mirrors through materially smaller angles than
would otherwise be the case.
It will be clear that various modi?cations can
tivity can be obtained if these beams are moved
toward and away from each other in a direction
be made without departing from the spirit of the
invention. Many of these variations have been
set forth in detail hereinbefore, and others will
be apparent to those' skilled in the art. It will
also be clear that certain of the features herein
shown and described ?nd utility in other record
non-parallel to this light slit. Nor is this sys
ing systems, and that certain of these features 75
While this system is quite satisfactory in most
installations, we have found that greater sensi
2,108,815
can be used with a single-mirror system rather
than a double-mirror system.
We claim as our invention:
7
said mirrors; means for impressing on one of said
drive means electric undulations varying in re
sponse to the complete range of sound frequen
cies desired to be recorded to form a ?rst sound
1. In a device for modulating quantum of light
reaching a light-sensitive surface from a light
source: a bridge structure including spaced sup
port members and a pair of conducting members
record on one section of said light-sensitive sur
face, said one of said drive means and its asso
extending in taut relationship therebetween; a
mirror secured to said conducting members;
cording all frequencies within said complete
range whereby said ?rst sound record is defective
10 means for forcing flux across said conducting
members; means for delivering to said conductors
electric impulses to oscillate said mirror and
damping means for said mirror and conducting
members including a covering for each of said
conductors and surrounding that portion of each
of said conductors which extends in taut relation~
ship between said support members.
2. A combination as de?ned in claim 1 in which
said covering is
the form of a hardened coat
20 ing of adhesive liquid applied to the periphery of
each conducting member.
3. In a device for modulating quantum of
light reaching a light-sensitive element from a
light source: walls forming a light slit; means
forming a pair of light beams directed toward
said light slit to impinge thereon at positions on
opposite sides of the mid-section of said slit
whereby the end portions of said light slit pass
two lineal planes of light to said light-sensitive
30 element at a given instant of time, the adjacent
edges of said light beams forming control edges
extending at acute angles relative to the longi—
tudinal axis of said light slit; and means for
moving said beams toward and away from each
other to change the length of the corresponding
lineal planes reaching said light~sensitive ele
ment.
4. In combination in a system for recording
sound on a track of a light~sensitive surface:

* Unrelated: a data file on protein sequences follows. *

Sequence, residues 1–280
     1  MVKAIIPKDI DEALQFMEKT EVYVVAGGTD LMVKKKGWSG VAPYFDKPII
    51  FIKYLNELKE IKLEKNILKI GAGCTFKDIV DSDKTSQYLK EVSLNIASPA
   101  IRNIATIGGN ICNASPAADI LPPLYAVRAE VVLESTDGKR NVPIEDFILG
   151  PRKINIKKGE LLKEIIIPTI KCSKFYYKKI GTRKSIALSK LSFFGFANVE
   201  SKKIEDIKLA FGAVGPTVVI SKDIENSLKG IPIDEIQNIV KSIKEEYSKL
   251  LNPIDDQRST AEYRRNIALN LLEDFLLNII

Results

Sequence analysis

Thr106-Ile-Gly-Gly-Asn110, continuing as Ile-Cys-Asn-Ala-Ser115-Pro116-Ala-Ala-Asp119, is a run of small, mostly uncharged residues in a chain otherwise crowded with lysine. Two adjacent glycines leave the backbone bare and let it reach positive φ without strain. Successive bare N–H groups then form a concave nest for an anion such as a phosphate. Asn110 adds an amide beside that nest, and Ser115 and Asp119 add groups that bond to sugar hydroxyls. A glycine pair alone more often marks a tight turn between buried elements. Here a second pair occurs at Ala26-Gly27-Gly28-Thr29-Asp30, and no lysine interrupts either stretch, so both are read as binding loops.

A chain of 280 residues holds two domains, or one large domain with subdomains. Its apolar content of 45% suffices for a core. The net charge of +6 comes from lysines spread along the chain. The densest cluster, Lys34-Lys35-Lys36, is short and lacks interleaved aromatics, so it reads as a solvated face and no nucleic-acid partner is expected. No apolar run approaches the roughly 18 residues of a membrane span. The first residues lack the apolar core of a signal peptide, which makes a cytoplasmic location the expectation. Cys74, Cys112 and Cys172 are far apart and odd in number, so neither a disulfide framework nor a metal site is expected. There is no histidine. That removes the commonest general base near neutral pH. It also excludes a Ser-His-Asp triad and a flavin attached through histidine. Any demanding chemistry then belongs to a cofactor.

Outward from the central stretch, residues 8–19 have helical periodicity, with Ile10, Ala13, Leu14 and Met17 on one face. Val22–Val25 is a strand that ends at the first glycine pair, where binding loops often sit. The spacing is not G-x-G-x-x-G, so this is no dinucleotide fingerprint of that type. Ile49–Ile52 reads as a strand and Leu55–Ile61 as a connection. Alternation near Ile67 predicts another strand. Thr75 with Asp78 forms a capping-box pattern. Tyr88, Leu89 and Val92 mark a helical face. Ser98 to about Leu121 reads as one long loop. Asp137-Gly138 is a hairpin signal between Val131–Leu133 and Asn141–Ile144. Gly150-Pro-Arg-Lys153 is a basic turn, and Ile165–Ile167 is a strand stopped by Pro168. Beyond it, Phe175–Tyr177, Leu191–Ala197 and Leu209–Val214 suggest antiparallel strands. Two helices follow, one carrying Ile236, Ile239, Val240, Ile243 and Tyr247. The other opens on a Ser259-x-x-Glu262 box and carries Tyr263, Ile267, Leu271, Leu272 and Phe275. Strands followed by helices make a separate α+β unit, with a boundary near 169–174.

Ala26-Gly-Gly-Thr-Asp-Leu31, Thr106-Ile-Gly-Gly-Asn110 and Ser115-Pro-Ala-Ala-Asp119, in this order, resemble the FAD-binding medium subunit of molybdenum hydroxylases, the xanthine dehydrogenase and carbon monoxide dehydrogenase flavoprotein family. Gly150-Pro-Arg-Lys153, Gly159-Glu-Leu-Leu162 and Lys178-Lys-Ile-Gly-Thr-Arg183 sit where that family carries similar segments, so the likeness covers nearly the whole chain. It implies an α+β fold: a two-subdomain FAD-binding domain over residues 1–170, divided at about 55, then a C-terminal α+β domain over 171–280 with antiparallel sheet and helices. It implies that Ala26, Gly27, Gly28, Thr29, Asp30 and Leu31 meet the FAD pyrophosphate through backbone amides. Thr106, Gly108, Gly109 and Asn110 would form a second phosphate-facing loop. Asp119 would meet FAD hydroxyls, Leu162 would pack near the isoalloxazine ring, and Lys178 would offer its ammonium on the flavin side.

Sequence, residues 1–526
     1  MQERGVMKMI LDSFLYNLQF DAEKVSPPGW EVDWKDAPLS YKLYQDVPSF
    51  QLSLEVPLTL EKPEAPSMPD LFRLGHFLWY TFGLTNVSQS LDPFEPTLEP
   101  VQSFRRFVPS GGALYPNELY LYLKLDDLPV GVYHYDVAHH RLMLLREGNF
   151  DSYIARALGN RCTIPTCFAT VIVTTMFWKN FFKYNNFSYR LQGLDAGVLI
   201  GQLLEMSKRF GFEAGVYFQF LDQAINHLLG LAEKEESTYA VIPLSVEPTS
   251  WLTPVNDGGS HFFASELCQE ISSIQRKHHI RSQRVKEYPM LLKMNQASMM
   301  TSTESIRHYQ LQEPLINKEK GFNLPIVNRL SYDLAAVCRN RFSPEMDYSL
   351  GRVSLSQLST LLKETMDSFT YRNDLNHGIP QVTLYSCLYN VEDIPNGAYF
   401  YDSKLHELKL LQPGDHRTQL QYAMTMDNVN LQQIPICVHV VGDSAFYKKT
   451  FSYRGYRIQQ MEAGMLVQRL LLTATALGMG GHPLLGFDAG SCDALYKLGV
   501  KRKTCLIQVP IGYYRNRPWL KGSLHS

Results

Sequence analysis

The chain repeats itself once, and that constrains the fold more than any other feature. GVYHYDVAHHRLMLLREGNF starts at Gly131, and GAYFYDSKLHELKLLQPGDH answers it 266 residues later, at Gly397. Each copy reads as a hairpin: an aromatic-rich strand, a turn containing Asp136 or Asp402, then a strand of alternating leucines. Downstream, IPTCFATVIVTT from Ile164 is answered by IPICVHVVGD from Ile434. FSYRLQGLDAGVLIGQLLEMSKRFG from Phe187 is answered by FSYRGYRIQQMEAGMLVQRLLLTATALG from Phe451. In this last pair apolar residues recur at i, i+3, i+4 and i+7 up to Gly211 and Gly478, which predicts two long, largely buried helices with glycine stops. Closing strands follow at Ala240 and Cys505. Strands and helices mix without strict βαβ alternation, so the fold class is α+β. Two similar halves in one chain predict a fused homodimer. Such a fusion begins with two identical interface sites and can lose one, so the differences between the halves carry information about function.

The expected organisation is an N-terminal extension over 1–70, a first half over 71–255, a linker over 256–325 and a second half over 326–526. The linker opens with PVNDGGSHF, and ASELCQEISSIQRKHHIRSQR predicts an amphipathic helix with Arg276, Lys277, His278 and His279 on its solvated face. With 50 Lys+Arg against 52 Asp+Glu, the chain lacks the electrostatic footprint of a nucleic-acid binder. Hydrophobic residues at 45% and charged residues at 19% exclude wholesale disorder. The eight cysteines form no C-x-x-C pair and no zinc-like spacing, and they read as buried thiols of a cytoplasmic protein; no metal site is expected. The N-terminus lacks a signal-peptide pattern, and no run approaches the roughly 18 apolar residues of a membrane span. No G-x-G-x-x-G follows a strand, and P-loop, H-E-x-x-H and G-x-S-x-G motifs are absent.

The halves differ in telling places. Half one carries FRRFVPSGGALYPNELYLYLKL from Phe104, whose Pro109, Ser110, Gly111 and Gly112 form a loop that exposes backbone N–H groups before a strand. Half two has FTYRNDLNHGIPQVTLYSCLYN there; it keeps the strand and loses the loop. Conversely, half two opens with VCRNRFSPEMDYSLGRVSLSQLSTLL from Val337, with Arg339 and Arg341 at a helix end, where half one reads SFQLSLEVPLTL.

means for directing opposed and narrow beams
of light into exposing relationship with spaced
sections of said sound track, said means includ
ing a pair of independently movable mirrors, a
pair of armatures operatively and respectively
45 connected to said mirrors, and means for send
ing magnetic flux across said armatures; means
for impressing on one of said armatures electric
undulations varying in response to the complete
range of sound frequencies desired to be recorded
50 to form a ?rst sound record on one section of
said light-sensitive surface, said one of said ar
matures and its associated mirror being incapable
of uniformly recording all frequencies within said
complete range whereby said ?rst sound record
is defective in certain frequencies; a ?lter means
electrically connected to said last named means
for ?ltering the electric undulations varying
with said complete range of sound frequencies to
produce a band of frequencies within said com
60 plete range, which band includes said certain
frequencies in which said ?rst sound record is
defective; and means for transmitting said band
of frequencies to the other of said armatures to
vibrate the other of said mirrors at frequencies
65 within this
thereby forming a second sound
record on said other section of said sound track
which supplies the de?ciences of said ?rst sound
record.
5. In combination in a system for recording
70 sound on a sound tracl: of a light-sensitive sur
face: means for directing opposed and narrow
beams of light into exposing relationship with
spaced sections of said sound track, said means
including a pair of independently movable mirrors
75 and separate electric drive means for oscillating
ciated mirror being incapable of uniformly re
in certain frequencies; a ?lter means electrically 10
connected to said last named means for ?ltering
the electric undulations varying with said com
plete range of sound frequencies to produce a
band of frequencies within said complete range,
which band includes said certain frequencies in 15
which said ?rst sound record is defective; and
means for transmitting said band of frequencies
to the other of said drive means to vibrate the
other of said mirrors at frequencies within this
band, thereby forming a second sound record on 20
said other section of said sound track which sup
plies the de?ciencies of said ?rst sound record.
6. In combination: a core of magnetic mate
rial providing pcle pieces spaced from each other
and a central leg extending into the space be 25
tween said pole pieces but spaced from these
pole pieces
de?ne two
said core there~
by providing two flux paths, one ?ux path in
cluding said central leg and one of said gaps
and one of said pole pieces, and the other ?ux 30
path including said central leg and the other of
said gaps and the other of said pole pieces;
means for sending magnetic flux through each